To heal Achilles tendinitis, physicians generally
prescribe a combination of the following treatments:
and activity modification – relative rest
is generally prescribed to treat Achilles tendinitis.
You do not necessarily have to stay off your feet,
but you should decrease the duration and intensity
of your walking and running. Switching from a running
sport to swimming can reduce stress to the Achilles
tendon. Workouts involving hills or sprinting should
usually be avoided. In short, don't do
– applying ice to your heel for about 20 minutes
three to four times a day can help reduce the inflammation,
especially after activity or therapy.
anti-inflammatory medications. Medications such
as ibuprofen are sometimes prescribed to reduce
pain and swelling for seven to 14 days. Stronger
pain medication is rarely prescribed.
– successful treatment often requires routine
foot and ankle stretching to be done two or three
times a day. Your physician or physical therapist
can usually show you a stretching routine to perform
at home. Physical therapy tends to be prescribed
for more severe cases of Achilles tendinitis. Before
walking, it is often helpful to stretch the back
of your lower leg, by pulling your toes back with
your knee straight and your ankle flexed towards
you. Avoid excessive stretching until your tendon
footwear – shoes should have a stable heel,
a well-cushioned sole, and an adequate arch support,
depending on what type of foot you have. Many dress
shoes do not have adequate arch support and strain
the Achilles tendon. Your physician can recommend
the type of shoe that provides the best support
for the shape of your foot. Physicians often suggest
that patients wear padded sandals around the house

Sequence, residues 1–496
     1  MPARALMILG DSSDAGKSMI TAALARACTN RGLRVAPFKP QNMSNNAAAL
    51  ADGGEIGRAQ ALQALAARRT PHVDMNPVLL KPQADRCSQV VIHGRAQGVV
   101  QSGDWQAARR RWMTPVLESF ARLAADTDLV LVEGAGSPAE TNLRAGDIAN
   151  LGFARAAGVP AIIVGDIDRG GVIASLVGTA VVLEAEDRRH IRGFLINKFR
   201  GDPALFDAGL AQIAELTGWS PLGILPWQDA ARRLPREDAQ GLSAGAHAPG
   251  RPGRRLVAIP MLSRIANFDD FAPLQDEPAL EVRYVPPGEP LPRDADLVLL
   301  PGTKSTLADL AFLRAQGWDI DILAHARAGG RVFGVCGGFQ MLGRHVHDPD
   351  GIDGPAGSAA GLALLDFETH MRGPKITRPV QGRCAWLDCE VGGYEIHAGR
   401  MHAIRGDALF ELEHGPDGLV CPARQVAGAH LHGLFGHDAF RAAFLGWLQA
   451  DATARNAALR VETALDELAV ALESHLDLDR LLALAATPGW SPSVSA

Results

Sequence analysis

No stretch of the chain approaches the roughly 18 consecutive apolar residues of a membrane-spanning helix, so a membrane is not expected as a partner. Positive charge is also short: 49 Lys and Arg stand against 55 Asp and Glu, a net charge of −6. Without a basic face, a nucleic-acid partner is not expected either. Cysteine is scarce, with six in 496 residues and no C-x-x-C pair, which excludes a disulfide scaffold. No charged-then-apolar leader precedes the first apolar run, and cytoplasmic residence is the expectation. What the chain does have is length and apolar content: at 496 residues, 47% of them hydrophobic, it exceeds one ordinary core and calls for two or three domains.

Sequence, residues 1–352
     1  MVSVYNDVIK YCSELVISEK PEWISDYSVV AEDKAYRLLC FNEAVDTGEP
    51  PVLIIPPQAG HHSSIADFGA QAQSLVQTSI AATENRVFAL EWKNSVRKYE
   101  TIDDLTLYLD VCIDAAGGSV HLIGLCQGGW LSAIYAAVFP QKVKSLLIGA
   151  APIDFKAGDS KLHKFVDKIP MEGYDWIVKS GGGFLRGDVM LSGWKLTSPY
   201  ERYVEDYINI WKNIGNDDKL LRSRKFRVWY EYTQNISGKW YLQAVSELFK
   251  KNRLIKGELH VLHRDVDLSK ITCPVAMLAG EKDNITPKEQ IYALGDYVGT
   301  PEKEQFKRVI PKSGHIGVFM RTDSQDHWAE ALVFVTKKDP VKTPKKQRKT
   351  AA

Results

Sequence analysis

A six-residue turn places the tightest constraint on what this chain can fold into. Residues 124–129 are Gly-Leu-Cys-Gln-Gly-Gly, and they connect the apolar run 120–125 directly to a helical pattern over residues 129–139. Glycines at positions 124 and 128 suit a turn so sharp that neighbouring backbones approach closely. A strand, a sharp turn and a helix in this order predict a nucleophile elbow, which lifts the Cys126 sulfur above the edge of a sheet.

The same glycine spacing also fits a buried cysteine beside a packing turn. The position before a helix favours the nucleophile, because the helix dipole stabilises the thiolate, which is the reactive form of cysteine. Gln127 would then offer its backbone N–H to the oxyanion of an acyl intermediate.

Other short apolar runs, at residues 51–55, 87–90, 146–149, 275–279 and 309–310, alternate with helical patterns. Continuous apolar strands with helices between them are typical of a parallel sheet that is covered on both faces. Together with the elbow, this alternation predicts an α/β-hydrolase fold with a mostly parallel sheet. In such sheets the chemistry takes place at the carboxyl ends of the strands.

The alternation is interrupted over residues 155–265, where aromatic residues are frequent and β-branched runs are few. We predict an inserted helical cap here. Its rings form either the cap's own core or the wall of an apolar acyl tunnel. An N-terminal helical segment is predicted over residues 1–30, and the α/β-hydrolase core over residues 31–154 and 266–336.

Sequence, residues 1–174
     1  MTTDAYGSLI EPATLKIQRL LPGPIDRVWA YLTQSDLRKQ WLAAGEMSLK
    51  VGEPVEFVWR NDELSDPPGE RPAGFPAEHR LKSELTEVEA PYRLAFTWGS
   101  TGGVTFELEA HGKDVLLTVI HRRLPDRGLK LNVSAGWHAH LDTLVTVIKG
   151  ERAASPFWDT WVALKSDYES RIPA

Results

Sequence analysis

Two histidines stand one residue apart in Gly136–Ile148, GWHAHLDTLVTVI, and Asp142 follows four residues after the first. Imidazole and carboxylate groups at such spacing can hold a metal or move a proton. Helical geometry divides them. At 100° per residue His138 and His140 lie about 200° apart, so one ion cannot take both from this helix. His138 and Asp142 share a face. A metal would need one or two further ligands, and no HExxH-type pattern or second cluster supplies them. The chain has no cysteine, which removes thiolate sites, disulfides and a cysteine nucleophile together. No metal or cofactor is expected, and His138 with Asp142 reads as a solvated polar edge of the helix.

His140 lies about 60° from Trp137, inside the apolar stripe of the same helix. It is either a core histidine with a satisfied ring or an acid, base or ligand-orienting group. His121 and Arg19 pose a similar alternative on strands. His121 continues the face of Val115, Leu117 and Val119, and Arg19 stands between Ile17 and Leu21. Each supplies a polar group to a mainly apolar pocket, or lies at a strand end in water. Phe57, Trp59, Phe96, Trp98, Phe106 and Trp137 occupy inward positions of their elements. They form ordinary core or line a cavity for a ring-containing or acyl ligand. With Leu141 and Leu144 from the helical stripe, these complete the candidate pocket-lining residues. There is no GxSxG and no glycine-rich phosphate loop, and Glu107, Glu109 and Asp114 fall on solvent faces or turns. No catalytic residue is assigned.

instead of going barefoot.
inserts – at your physician’s discretion,
you may need to wear orthotic inserts in your shoes
to properly support your foot. The inserts usually
have an arch support and a suctioned heel lift.
Depending on the shape of your foot, you may be
able to buy an over-the-counter heel cup or shoe
insert. Your physician may prescribe custom-molded
orthotic inserts. Most people are instructed to
wear the inserts for at least six weeks.
– for severe or chronic tendinitis, some patients
wear a splint or cast to immobilize their ankle.
therapy – whirlpool treatments, heat lamps,
hot showers, heating pads, heat ointments, and other
therapies like ultrasound stimulation may be suggested
by your physical therapist.
To heal Achilles tendinitis as quickly as possible
and return to activities, your physician may recommend
that you schedule regular visits to a physical therapist.
Your physician and physical therapist can design
a custom rehabilitation program with specific stretching
and strengthening exercises for your calf muscles
and feet. Most physicians recommend a comprehensive
leg-strengthening program to improve your overall
endurance and flexibility. Rehabilitation exercises
can usually begin when you can walk comfortably
without pain, which varies depending on your body's
ability to heal and the extent of tendon damage.
Icing your Achilles tendon for ten minutes before
and after exercise sessions may help ease pain.
Rehab usually begins with stretching exercises for
a period of weeks until your Achilles tendon is
flexible. Try to hold stretches for about 30 seconds
and repeat as pain allows. Strength training usually
starts within a month. Initially, you will probably
perform light exercises, including picking objects
off the floor with your toes and flexing and extending
your ankle. The resistance gradually increases as
your tendon heals. You can usually return to activities
when the range of motion and strength are equal
in the injured and healthy ankle, when you can jog,
sprint, and cut side-to-side without pain, and you
can jump and land without pain.
Overuse and overtraining put you at high risk
for recurring Achilles tendinitis. Physicians
generally recommend that you avoid repetitive
activities that put constant strain on your Achilles
tendon. Try to incorporate cross-training into
your workout schedule. For example, instead of
running every day, alternate between running and
swimming workouts. Warm up before participating
in activities and stretch your calf muscles and
feet both before and after activities. You should
increase the duration and intensity of your workouts
by no more than 10 percent per week and avoid
serious sprinting and hill climbing until you
have worked up to a high fitness level. Choose
athletic shoes that properly fit the shape of
your foot. Continue to wear orthotic inserts and
heel lifts if recommended by your physician.